Though Barium LLC requested a 5 percent tree save, Hair recommended that be increased to 10 percent to help preserve the natural beauty of the town. Each lot must have at least one canopy tree per 5,000 square feet, with 50 percent of trees located in the front yard and preservation of healthy existing trees preferred.


Several Barium Seasons residents spoke about the proposed Barium development, which will encircle their neighborhood under this proposed MU zoning designation.

Steven Zegowitz, a Winterflake Drive resident, felt like the developer is “circling the wagons around our development.”

He pleaded with the board to consider the existing neighborhoods’ quality of life as they considered this UDO amendment. “Please apply sensible decisions when you make them and remember those who were here before,” he said.

Though he likes elements of the Barium plan, Zegowitz expressed concern about what 1/5-acre lot properties proposed as part of the development will do to his property values.

William Hunter worried a clubhouse could be built against the property line abutting his property, making his backyard view a parking lot or dumpsters. “I’m concerned about that being built next to an existing community,” he said.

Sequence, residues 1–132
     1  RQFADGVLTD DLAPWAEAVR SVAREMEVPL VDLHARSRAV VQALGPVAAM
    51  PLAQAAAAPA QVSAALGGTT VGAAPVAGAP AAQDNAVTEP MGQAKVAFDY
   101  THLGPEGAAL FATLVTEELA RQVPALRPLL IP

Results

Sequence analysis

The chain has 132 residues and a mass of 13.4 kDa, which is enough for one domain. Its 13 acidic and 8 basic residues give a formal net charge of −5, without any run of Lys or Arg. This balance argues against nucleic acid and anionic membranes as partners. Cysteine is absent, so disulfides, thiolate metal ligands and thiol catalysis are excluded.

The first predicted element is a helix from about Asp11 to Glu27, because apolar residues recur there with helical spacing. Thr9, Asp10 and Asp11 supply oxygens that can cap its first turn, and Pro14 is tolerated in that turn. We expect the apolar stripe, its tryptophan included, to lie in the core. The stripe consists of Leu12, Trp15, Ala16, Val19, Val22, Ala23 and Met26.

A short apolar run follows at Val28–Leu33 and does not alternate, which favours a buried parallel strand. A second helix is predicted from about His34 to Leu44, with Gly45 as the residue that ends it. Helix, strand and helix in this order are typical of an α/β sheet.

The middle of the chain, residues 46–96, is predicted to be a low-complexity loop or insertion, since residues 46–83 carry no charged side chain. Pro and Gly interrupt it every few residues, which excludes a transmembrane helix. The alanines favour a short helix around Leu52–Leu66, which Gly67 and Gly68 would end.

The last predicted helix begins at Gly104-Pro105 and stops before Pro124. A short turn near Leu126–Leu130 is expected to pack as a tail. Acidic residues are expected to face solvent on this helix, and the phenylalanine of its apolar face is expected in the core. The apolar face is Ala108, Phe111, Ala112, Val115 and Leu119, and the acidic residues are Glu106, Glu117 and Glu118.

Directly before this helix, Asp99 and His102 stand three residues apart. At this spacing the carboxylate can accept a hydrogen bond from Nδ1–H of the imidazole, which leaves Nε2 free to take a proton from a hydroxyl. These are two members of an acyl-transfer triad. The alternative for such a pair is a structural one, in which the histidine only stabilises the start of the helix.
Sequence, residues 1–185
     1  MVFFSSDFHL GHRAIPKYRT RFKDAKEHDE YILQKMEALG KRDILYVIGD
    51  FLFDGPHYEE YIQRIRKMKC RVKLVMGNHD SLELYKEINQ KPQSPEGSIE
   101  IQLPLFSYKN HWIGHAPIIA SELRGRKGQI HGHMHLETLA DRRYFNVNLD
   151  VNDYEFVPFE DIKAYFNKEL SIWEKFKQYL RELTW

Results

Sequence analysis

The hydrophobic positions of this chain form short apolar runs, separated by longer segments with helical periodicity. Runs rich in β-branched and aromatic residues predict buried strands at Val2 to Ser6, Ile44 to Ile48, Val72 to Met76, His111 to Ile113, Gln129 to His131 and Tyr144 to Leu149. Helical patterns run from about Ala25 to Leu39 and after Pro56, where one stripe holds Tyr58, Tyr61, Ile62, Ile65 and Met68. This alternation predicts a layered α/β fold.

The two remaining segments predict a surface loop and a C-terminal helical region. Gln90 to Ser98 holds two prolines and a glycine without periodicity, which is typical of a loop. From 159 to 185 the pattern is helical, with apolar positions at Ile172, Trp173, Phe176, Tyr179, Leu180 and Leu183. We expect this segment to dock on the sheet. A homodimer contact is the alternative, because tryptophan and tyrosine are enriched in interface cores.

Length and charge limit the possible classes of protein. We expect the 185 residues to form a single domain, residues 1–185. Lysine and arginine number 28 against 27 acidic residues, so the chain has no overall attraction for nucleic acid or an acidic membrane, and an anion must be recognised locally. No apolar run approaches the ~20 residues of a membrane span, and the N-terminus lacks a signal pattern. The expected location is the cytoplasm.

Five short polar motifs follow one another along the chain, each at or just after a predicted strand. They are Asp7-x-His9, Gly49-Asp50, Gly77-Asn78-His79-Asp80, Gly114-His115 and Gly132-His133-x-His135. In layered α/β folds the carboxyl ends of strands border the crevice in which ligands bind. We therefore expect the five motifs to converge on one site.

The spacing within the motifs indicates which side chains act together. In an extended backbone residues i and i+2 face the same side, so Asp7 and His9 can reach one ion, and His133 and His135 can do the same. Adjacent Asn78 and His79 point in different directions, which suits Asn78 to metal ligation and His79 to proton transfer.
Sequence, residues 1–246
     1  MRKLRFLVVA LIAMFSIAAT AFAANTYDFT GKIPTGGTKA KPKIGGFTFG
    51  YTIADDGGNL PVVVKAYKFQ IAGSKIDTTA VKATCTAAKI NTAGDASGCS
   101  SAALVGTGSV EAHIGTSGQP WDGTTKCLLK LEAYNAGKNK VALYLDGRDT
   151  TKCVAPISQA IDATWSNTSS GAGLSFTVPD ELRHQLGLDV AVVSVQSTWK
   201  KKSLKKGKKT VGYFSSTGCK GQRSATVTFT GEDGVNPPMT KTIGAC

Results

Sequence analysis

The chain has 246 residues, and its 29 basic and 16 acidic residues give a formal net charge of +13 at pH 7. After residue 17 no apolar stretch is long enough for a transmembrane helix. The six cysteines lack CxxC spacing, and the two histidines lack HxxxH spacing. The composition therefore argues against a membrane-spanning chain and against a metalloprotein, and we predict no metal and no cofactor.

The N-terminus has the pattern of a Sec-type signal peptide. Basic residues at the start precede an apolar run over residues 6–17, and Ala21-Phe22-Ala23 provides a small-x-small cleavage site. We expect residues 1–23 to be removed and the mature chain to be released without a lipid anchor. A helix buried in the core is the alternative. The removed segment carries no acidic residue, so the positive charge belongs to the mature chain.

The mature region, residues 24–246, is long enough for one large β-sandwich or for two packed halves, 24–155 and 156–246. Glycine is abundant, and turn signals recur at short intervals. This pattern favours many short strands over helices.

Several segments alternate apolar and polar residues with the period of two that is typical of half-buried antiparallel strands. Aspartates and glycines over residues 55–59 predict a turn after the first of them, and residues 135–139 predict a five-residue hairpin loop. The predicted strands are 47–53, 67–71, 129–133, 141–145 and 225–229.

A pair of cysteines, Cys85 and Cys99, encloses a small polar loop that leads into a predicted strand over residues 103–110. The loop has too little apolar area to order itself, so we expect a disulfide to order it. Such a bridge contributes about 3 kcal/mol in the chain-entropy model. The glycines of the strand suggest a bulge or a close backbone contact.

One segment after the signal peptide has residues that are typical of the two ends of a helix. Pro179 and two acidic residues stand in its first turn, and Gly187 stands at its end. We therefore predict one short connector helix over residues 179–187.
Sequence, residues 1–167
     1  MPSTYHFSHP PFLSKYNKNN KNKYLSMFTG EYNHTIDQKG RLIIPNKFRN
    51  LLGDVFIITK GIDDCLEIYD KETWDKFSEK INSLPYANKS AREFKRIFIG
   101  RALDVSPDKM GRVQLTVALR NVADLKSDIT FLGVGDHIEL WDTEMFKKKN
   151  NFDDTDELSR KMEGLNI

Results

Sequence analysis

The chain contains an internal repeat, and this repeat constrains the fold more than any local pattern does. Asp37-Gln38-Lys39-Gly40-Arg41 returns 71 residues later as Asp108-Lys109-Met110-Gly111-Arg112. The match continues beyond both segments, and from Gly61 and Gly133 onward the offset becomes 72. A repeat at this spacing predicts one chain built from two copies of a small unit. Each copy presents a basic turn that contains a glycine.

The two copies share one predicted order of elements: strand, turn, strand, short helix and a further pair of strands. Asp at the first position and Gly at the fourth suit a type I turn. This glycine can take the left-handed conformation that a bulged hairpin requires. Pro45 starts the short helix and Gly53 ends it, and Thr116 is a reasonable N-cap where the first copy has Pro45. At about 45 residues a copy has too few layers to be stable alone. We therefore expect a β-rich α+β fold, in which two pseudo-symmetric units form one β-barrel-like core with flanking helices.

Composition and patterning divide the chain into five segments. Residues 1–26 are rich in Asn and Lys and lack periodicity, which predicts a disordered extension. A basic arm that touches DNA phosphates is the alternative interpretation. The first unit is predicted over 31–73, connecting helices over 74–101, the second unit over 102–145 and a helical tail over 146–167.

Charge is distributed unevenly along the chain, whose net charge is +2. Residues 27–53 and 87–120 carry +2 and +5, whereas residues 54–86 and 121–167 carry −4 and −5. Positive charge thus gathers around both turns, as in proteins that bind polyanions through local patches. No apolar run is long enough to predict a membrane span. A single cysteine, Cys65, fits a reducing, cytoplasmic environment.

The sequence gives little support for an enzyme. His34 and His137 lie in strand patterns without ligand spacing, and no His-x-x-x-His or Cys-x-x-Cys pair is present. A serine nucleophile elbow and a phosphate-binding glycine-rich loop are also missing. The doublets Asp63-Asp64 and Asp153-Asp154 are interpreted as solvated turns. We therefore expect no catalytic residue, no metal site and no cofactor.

Matt Waters expressed concern about the number of homes in the proposed Barium development and spoke in favor of requiring a higher percentage of green space in the MU zoning to maintain Troutman’s natural beauty.

Waters also felt a 50-foot buffer was insufficient, especially in fall and winter when trees are bare. He proposed a 150-foot buffer next to existing neighborhoods.


Chairman Randy Farmer was concerned that a 5 percent commercial minimum requirement was insufficient, wondering it should be bumped to as high as a 10 percent minimum to help the town’s tax base.

Hair noted in the proposed 800-acre Barium development, 5 percent would equate to 40 acres of commercial use. Board member Mark Taylor added that the Troutman Food Lion shopping area is approximately 10 acres. To help Farmer envision the scope, Taylor said that Barium’s 5 percent would equate to four times that space.